Holly Austin and Scarlet McGlynn – Boxing Day

Boxing Day

After a full day of rehearsals for their upcoming show Boxing Day, actress Holly Austin and director Scarlet McGlynn meet me at the East Village Hotel in Darlinghurst. Munching on peanuts and pizza, I hear their laughter before I’ve sat down. The two of them perfectly balance one another: McGlynn is incredibly articulate and oozes calm, while the bright-eyed Austin cracks jokes and jumps around in her chair. “Every day has been a lot of fun,” she says. It’s easy to see why the 30-year-old actress has been cast as Boxing Day’s cheeky ten-year-old protagonist Freya, who lives in a sleepy seaside town called Rainwood in Tasmania. While the vivacious little girl loves Pictionary, Pig Latin and ‘80s slasher movies, all she really wants for Christmas is her family to be celebrating together.

“Freya is at that breaking point where she knows Father Christmas doesn’t exist,” Holly says. “She starts to see the inner workings of her family and who they truly are. Watching this vulnerable young girl change and face the world is sad but riveting and exciting.”

This coming-of-age story has been in the pipeline for over two years; the initial inspiration came from a photograph of a young girl lying on the wall of a tidal pool, taken by a Scottish artist called Rona Lee. Since then, writer Phil Spencer, along with McGlynn and Austin, have been developing the show. For Austin, the biggest but most exciting challenge has been portraying a child. “Kids have a beautiful honesty to them,” she says simply. “They have a great way of calling a spade a spade. Adults can complicate things, and that’s the hardest thing as an actor, to just strip everything back and return to your instincts and don’t overthink things.”

Austin appeared as Rosencrantz in Hamlet at the Sydney Theatre Company earlier this year and, even in a supporting role, completely stole the show. In Boxing Day she is teamed up with AFI award-winning actress Annie Byron (STC’s Hedda Gabler, Calendar Girls) who switches between portraying Freya’s 9-year-old best friend and 70-year-old grandmother, and Alan Flower (Rake, Version 1.0) in the role of Freya’s dad – an oil-rig worker who’s glued to the TV whenever he’s home.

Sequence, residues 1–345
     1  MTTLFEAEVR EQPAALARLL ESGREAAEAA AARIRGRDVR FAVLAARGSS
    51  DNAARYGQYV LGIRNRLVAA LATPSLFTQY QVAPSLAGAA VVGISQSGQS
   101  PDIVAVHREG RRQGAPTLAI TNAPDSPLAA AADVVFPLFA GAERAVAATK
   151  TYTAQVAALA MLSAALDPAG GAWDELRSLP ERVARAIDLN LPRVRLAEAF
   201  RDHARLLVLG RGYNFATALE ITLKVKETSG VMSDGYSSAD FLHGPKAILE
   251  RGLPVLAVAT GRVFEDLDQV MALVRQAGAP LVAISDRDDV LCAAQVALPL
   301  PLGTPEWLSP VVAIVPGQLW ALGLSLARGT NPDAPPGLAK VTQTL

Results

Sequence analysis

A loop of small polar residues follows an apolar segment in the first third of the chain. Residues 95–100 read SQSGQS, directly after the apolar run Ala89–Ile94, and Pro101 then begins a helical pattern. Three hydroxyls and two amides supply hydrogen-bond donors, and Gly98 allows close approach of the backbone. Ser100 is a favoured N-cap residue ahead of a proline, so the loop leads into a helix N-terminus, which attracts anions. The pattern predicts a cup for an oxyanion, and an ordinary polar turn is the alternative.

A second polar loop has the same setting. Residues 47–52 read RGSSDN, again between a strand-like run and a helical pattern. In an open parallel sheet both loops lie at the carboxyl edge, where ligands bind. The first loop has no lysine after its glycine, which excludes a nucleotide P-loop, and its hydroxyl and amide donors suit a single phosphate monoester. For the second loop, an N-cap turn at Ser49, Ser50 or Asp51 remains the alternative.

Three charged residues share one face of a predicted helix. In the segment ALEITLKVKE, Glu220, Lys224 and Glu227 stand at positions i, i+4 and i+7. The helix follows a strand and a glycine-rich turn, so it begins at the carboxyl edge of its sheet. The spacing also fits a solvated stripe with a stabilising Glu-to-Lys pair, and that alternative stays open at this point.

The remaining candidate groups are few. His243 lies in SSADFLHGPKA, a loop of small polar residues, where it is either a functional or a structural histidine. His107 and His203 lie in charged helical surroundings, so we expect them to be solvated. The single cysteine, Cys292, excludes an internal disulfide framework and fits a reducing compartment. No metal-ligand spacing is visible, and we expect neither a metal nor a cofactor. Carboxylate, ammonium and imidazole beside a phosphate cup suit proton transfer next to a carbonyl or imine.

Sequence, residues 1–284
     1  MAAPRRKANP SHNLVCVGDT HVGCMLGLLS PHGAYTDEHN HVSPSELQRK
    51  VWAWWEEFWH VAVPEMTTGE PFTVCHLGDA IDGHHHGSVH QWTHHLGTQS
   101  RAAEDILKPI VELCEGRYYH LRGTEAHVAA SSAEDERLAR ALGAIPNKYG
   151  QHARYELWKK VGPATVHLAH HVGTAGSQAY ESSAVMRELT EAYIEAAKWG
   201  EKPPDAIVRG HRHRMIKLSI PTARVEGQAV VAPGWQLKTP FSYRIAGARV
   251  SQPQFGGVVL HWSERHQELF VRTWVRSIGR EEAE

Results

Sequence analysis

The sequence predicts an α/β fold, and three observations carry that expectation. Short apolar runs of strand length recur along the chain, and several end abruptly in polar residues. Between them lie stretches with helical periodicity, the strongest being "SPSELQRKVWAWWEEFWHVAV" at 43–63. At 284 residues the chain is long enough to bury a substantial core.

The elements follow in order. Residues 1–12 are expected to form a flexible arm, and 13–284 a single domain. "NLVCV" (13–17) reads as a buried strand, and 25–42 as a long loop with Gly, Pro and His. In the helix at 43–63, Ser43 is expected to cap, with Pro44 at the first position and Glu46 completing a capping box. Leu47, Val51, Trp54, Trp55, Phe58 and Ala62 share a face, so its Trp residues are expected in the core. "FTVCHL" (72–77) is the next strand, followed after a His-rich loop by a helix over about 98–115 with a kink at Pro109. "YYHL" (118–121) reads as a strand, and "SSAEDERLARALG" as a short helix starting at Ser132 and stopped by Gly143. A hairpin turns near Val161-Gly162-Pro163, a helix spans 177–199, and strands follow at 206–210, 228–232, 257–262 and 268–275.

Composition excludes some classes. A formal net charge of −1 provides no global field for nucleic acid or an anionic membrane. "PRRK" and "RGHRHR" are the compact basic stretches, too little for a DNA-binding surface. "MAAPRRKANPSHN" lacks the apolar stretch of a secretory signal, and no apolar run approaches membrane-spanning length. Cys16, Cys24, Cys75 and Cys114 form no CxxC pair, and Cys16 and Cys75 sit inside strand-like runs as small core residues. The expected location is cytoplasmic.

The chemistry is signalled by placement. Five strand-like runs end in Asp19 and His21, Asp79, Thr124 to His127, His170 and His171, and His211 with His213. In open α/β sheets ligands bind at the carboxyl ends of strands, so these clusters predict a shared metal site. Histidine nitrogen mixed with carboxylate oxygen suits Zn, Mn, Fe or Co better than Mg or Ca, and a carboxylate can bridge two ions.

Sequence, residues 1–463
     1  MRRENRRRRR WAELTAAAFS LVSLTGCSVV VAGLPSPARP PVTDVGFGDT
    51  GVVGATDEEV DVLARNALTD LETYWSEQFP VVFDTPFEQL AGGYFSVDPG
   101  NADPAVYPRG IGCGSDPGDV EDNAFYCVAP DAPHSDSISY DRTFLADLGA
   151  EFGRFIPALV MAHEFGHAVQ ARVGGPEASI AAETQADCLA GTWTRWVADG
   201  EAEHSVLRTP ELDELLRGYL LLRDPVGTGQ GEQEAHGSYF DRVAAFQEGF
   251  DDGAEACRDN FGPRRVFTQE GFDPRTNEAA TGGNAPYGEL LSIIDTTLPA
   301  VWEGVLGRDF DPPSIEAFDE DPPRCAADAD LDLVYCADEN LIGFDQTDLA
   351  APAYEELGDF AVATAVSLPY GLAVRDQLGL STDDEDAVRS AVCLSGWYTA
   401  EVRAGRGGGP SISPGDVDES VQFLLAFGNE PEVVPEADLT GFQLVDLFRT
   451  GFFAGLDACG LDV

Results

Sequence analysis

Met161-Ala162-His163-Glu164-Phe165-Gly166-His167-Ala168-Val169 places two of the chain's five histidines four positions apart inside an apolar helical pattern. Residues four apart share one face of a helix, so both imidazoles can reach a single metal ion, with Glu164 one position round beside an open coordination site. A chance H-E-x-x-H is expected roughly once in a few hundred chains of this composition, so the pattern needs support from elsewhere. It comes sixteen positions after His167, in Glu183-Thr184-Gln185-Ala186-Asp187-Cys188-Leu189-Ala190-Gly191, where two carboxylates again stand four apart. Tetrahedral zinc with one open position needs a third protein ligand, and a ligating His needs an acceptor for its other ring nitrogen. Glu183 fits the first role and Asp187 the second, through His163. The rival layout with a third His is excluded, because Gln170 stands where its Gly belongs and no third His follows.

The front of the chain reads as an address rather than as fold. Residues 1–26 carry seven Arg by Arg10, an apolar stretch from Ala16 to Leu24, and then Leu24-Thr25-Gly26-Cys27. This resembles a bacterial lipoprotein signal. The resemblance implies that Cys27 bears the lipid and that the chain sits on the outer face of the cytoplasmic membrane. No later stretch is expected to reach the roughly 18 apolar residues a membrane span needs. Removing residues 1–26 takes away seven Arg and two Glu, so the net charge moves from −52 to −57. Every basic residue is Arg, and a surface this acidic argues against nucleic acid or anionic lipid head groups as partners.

“All three of the performers are captivating to watch,” McGlynn explains. “Holly is great because she gets so involved in her work and has done so much research. A lot of people ask why we haven’t got a ten-year-old playing the character, but we didn’t want that because Holly has an emotional maturity that she brings to the role, and we’re tackling some big themes in this play such as grief, lies, honesty and family secrets. Also,” she adds, “having an adult play a child is inherently playful.”

“There’s so much pressure surrounding Christmas to make it a day of celebration,” Holly muses. “Christmas Day is often when everything gets whipped up and the following day is the day of reckoning, and this is true of this play. It really sucks you in. It’s sad saying goodbye to your childhood but it’s the next step to the big, adult world.”

Despite much prodding for more plot details, the girls are careful not to give too much away – just that audiences can expect some kind of mystery, and a rich story that cleverly mixes comedy and drama. “Any good comedy is also very dark,” McGlynn says. “In any of those high points in life where there is tragedy, comedy is also present and I think that’s very true of this piece as well. It will have you sitting on the edge of your seat.”
Published in The Brag in print and online on September 5, 2011


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